So it is October 31st,early evening and I am sitting in bed lights off, TV on low, along with most of the people on my street,  trying to avoid feral gangs of youths roaming around, 
On any other night, if somebody knocked on your door and demanded sweets or they would do something nasty, like throw eggs at your door or bend your car ariel  you would call the police.  Demanding money with menaces it would be called and is a criminal offence. Not to mention criminal damage.   But because it is Halloween, somehow this is legal!
When I was a child, we had bonfire night.  November 5th.  With fireworks and a bonfire that you could burn all your rubbish,  We had treacle toffee, potatoe pie and black peas and a nice party.  Ok maybe it is not quite PC to celebrate a the foiling of an anti Catholic,  terrorist attempt,  to blow up Parliament and kill the king in 1605,  and maybe children  sitting in the street, with a stuffed effigy of Guy Fawkes,( which we later burned) begging “penny for the  Guy” is also not quite acceptable today, but surely it was better than terrorising old people?…..and we learned alot of history at school because of it.  “Halloween” was a pagan festival to celebrate witchcraft, when people just told scary stories..
  Somewhere along the line we imported this  festival, I am not sure of the historical significance  The shops are full of dress up outfits and scary masks, so somebody is making a lot of money……..and I cannot understand the mentality of any parent that encourages this sort of thing.

Bah humbug!

Love Denise.

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7 thoughts on “HALLOWEEN! HELP!

  1. I know a lot of people don't like halloween and I've always thought of it as an American import. However David tells me that in Northern Ireland as a boy Halloween was always celebrated with dressing up having parties with apple bobbing and fireworks, but it didn't involve the doorknocking and "trick or treating" we get here. I believe it was celebrated in Scotland as well where children go "guising" – performing a song or similar to earn a treat.We are lucky where we live in our little part of Manchester, we mainly get small children in fancy dress usually accompanied by a parent or older siblings, and me and my neighbours hand out sweets to them. Last night we just had one small bedraggled "witch" because of the bad weather.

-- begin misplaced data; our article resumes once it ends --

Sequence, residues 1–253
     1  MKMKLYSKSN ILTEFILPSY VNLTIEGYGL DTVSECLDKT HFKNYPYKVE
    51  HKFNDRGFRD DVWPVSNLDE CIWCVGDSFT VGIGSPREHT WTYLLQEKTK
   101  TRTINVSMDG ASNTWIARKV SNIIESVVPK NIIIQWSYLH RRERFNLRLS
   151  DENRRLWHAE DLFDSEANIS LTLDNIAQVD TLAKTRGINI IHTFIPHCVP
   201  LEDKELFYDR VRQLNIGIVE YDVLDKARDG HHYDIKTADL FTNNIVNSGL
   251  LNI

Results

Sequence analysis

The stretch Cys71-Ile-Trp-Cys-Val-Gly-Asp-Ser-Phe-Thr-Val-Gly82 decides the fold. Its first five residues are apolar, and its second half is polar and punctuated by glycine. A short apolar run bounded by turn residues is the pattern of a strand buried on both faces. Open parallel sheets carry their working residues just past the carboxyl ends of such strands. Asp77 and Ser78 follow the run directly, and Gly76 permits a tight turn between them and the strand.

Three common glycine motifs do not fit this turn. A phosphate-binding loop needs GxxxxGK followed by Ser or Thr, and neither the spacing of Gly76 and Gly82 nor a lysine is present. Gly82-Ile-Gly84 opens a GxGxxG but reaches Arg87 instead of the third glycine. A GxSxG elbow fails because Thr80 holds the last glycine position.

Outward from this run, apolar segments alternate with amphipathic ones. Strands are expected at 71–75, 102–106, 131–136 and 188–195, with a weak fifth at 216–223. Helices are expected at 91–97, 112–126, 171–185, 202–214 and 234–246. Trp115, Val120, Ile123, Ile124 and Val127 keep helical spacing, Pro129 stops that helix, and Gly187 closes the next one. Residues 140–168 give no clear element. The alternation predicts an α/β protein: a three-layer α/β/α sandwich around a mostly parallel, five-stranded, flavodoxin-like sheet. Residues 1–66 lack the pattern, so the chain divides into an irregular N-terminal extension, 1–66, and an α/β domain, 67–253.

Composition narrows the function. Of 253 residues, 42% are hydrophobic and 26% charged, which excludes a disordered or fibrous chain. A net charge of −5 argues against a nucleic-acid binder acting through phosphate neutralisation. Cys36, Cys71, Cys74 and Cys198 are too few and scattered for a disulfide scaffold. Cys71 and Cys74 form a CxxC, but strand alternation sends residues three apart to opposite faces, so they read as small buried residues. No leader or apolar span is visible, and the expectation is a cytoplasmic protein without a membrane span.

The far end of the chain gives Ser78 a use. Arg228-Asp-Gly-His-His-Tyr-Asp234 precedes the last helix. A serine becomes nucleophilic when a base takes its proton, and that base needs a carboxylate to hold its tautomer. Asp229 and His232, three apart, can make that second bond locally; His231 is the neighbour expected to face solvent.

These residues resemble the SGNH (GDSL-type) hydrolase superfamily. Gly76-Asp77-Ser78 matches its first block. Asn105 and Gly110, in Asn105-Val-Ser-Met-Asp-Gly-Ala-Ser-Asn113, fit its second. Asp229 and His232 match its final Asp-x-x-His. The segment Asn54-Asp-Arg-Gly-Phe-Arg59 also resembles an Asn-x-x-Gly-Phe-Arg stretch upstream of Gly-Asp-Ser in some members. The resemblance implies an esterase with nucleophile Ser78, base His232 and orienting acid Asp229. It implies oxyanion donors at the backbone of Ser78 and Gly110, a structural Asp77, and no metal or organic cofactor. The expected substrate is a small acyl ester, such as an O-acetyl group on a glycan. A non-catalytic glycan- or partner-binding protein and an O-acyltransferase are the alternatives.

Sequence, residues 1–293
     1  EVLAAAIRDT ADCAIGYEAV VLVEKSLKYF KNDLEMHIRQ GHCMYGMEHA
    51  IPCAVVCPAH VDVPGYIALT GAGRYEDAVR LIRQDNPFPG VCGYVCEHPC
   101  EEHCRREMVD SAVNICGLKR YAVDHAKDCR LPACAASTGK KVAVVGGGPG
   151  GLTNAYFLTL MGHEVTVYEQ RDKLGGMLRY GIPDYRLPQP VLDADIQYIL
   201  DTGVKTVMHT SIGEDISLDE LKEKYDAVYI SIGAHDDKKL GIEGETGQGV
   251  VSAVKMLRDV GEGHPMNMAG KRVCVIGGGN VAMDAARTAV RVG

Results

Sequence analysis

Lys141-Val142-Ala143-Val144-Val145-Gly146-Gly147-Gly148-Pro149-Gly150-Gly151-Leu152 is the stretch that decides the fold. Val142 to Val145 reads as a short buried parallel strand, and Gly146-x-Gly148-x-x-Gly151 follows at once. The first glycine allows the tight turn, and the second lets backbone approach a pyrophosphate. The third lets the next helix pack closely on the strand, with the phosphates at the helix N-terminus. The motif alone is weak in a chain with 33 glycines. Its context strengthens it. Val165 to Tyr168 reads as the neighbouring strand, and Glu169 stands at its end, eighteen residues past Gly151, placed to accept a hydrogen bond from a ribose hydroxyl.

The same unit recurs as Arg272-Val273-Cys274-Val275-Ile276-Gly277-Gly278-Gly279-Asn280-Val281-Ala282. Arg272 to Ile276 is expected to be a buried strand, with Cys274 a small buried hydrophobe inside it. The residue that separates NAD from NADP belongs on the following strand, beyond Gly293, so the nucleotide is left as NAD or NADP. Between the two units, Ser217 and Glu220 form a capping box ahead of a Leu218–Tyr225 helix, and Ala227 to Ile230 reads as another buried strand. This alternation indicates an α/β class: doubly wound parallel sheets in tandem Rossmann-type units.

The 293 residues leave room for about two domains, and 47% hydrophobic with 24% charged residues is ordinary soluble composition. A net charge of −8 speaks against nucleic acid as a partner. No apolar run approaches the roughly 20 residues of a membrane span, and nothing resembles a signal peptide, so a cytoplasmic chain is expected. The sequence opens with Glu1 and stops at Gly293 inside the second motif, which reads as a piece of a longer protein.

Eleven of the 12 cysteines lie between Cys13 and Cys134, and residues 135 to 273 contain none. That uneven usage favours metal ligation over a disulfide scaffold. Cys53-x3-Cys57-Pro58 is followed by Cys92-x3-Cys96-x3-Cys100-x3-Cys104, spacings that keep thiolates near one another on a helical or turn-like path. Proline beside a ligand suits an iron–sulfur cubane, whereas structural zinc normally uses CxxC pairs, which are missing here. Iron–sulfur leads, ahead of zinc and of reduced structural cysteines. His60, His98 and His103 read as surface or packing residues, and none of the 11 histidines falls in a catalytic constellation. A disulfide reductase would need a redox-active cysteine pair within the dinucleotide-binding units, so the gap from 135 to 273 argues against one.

2. We didn't celebrate Halloween as a kid either, but my dad always talks of carving turnip lanterns for the occasion, and he grew up just up the road from you. I must admit, I think it's quite fun for me to do as an adult, but I wouldn't like to see the trick or treating thing catching on at home either. That's a bit grinchy I'm sure!We celebrated Guy Fawkes, but I think in NZ it was a bit calmer than when my mum was growing up in Liverpool in the 50s, where apparently it wasn't too uncommon for fights between Catholic and Protestant kids to break out…